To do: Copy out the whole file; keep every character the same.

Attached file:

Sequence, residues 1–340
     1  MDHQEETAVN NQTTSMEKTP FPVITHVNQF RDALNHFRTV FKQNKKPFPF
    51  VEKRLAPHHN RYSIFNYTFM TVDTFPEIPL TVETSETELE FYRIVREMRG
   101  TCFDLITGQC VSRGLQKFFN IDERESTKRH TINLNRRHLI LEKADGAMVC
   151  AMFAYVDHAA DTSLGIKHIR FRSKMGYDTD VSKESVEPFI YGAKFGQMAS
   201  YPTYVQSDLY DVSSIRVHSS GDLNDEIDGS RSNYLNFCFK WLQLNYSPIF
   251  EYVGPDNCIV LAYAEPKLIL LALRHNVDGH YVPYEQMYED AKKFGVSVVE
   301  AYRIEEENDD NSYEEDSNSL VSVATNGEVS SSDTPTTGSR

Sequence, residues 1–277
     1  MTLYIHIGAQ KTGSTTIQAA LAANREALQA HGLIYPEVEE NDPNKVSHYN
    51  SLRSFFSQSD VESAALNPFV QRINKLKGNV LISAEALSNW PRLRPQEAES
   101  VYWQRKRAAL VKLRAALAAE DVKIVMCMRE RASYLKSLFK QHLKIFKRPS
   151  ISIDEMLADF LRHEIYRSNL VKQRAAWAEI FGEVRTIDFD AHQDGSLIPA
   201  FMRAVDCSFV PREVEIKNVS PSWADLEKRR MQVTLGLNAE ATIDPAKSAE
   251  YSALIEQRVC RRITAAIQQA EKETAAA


Sequence, residues 1–340
     1  MDHQEETAVN NQTTSMEKTP FPVITHVNQF RDALNHFRTV FKQNKKPFPF
    51  VEKRLAPHHN RYSIFNYTFM TVDTFPEIPL TVETSETELE FYRIVREMRG
   101  TCFDLITGQC VSRGLQKFFN IDERESTKRH TINLNRRHLI LEKADGAMVC
   151  AMFAYVDHAA DTSLGIKHIR FRSKMGYDTD VSKESVEPFI YGAKFGQMAS
   201  YPTYVQSDLY DVSSIRVHSS GDLNDEIDGS RSNYLNFCFK WLQLNYSPIF
   251  EYVGPDNCIV LAYAEPKLIL LALRHNVDGH YVPYEQMYED AKKFGVSVVE
   301  AYRIEEENDD NSYEEDSNSL VSVATNGEVS SSDTPTTGSR

Sequence, residues 1–277
     1  MTLYIHIGAQ KTGSTTIQAA LAANREALQA HGLIYPEVEE NDPNKVSHYN
    51  SLRSFFSQSD VESAALNPFV QRINKLKGNV LISAEALSNW PRLRPQEAES
   101  VYWQRKRAAL VKLRAALAAE DVKIVMCMRE RASYLKSLFK QHLKIFKRPS
   151  ISIDEMLADF LRHEIYRSNL VKQRAAWAEI FGEVRTIDFD AHQDGSLIPA
   201  FMRAVDCSFV PREVEIKNVS PSWADLEKRR MQVTLGLNAE ATIDPAKSAE
   251  YSALIEQRVC RRITAAIQQA EKETAAA